In stark contrast to the Christie Pits site, which stopped accepting new trash yesterday after a group of activists rallied against their parklands becoming a dump, many Moss Park residents have quietly accepted the influx of trash in their green space.

The park, near Queen and Sherbourne, sits near three of the city’s largest homeless shelters, and is a popular refuge for the area’s underprivileged. There’s a playground, a community garden, a cricket field and a dog park.

“The garbage has to go somewhere,” said J.J. Witherspoon, a psychologist who has lived in the area for 16 years.

Joachim ?Kun, a 62-year-old drifter who has been sleeping in the park, has watched black trash bags slowly fill the nearby basketball courts.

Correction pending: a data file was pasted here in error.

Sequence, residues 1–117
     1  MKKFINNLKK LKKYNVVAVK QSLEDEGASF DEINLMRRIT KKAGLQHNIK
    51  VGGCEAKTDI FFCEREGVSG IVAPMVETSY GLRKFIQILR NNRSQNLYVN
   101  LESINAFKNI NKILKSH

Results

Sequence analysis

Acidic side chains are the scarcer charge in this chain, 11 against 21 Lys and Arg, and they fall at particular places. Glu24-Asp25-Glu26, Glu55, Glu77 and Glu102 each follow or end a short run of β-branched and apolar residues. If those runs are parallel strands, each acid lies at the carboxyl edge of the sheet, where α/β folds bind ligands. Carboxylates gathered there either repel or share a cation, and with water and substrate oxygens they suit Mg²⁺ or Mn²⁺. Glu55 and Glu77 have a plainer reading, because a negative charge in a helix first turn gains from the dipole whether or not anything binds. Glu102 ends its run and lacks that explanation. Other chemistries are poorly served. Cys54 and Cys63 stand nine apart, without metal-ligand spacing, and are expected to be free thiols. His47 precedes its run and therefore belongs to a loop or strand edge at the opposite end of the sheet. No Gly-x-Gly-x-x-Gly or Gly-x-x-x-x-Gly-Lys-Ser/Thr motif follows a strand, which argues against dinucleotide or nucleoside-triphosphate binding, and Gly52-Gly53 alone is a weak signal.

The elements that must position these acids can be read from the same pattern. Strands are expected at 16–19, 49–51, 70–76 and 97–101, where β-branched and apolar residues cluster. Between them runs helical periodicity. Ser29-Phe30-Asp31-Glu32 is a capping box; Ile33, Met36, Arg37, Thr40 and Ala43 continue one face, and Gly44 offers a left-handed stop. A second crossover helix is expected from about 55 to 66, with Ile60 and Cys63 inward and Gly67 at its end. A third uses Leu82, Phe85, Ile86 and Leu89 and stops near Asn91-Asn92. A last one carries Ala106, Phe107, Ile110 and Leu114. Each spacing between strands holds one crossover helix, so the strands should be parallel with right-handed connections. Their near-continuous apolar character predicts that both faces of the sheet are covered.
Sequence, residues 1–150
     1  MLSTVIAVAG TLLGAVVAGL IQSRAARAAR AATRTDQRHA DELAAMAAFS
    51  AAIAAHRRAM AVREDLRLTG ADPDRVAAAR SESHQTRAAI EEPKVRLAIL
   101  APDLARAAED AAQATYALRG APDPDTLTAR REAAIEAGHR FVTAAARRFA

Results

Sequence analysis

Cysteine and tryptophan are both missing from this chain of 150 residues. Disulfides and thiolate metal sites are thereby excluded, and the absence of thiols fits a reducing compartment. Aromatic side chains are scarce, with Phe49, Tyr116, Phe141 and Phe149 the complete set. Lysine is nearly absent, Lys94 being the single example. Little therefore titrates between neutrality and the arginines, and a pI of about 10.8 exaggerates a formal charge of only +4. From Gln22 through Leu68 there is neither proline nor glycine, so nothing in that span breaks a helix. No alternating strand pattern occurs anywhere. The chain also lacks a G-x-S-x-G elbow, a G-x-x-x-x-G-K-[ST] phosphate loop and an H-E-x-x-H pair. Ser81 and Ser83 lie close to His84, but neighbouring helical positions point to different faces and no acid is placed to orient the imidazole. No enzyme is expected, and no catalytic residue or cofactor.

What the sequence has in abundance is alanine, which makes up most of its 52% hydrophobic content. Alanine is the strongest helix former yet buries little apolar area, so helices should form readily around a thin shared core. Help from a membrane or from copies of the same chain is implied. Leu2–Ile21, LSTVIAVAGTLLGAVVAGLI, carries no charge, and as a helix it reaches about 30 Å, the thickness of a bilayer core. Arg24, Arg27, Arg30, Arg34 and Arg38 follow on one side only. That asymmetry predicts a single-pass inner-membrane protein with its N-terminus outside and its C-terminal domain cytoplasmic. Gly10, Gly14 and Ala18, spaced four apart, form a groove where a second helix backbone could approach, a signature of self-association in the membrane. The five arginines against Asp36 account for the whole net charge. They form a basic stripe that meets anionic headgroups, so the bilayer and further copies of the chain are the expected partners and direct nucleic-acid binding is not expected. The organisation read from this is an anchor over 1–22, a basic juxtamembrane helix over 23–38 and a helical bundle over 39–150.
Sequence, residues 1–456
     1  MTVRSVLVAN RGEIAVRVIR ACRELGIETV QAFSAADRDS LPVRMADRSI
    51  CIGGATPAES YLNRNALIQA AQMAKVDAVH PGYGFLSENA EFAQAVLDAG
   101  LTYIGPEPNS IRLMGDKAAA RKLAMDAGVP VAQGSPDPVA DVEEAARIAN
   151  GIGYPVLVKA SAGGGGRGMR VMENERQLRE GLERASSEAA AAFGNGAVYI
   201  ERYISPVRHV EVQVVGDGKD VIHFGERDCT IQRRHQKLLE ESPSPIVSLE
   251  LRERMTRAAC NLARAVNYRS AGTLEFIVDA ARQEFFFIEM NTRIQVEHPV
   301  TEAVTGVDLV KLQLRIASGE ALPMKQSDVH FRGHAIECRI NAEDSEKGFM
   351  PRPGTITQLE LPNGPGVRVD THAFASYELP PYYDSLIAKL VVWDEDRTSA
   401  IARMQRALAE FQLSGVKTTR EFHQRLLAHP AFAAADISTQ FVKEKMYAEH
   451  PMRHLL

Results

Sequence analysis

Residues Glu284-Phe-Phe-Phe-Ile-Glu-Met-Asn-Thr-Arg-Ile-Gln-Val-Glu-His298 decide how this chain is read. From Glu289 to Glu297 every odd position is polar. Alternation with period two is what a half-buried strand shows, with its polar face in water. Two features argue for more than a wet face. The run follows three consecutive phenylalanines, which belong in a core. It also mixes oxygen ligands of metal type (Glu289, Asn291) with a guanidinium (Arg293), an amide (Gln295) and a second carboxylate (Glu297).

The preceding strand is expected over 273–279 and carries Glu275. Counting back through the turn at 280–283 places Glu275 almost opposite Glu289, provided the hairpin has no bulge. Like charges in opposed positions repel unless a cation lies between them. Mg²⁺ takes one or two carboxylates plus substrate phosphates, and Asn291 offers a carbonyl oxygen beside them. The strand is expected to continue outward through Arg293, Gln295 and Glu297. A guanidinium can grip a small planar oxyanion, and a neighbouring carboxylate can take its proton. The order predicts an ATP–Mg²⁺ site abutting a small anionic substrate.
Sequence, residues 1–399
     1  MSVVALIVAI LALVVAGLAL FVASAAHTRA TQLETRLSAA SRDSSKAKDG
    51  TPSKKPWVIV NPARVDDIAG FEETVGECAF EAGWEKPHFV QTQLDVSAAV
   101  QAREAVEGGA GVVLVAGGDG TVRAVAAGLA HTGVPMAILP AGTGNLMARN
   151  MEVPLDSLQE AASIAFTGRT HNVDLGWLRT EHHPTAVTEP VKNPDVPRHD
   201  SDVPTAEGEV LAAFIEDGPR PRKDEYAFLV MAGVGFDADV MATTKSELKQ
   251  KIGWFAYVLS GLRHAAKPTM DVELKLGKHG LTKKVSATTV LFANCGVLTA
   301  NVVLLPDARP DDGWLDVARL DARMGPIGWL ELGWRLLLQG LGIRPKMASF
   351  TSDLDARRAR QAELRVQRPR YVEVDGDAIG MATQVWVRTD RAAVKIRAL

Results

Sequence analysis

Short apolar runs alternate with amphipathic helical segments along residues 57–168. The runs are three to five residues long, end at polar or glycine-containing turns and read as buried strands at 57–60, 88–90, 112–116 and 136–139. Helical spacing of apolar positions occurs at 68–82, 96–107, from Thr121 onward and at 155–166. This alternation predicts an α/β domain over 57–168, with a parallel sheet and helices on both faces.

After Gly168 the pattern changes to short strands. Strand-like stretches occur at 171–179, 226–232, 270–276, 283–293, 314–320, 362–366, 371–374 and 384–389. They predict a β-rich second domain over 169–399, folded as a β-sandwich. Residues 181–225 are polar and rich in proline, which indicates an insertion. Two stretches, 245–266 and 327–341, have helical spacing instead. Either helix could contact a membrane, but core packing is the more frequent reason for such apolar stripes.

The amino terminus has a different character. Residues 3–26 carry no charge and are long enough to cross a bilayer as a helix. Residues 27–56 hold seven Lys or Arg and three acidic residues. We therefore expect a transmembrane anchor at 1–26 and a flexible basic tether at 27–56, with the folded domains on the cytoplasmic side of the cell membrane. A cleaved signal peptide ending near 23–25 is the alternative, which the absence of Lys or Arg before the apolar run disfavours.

“I really don’t notice the smell,” said Kun. “It’s OK right now.”

When the fences were erected 10 days ago, they stretched the length of the park, prompting several complaints from residents that they had been robbed of their public space.

On Thursday, the dump zone was reduced, the result of several fences being repeatedly knocked over.

“I seen people going over the fence to play soccer, to walk their dogs. They didn’t like it,” resident Danielle Humphreys said.

The site now sits adjacent to the Moss Park arena, away from the fields where a handful of people played baseball Saturday afternoon.

But that could change. If the current zone reaches capacity, the city would expand the dumpsite back onto the fields, city spokesperson Cheryn Thoun said.

Perry Missal, who has been lobbying the city to consider an alternate dumpsite, says the re-expansion would spur some major opposition among park users.